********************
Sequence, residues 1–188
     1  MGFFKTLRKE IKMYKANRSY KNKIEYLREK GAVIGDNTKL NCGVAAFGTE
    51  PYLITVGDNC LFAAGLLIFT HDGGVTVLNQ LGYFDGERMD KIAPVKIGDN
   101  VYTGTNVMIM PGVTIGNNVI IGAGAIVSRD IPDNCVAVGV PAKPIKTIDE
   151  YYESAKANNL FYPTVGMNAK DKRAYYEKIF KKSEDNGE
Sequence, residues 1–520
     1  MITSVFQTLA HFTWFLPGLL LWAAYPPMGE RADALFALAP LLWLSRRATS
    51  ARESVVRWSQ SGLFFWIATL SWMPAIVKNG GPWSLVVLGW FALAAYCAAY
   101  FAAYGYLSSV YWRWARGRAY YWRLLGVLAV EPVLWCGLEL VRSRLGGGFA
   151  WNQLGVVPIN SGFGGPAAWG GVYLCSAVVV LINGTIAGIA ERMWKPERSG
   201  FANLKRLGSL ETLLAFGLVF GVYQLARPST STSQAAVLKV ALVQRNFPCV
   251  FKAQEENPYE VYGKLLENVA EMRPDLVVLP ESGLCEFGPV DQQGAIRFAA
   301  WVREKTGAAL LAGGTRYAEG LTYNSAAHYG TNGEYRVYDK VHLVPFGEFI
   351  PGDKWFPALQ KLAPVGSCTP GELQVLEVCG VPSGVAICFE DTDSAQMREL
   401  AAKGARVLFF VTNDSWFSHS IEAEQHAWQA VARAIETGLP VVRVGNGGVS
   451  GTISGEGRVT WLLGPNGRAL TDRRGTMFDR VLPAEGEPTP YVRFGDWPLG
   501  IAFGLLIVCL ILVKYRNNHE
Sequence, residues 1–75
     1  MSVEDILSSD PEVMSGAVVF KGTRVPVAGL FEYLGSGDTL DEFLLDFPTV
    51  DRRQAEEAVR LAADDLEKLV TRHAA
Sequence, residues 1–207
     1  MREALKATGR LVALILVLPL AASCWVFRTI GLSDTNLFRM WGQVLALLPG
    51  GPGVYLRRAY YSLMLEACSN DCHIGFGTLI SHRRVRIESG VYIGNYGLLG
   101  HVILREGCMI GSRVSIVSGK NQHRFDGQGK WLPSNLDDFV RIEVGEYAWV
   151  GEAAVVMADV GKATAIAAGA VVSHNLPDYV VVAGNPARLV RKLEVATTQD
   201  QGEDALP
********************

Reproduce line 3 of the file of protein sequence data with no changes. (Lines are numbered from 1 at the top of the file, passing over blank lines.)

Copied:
    51  PYLITVGDNC LFAAGLLIFT HDGGVTVLNQ LGYFDGERMD KIAPVKIGDN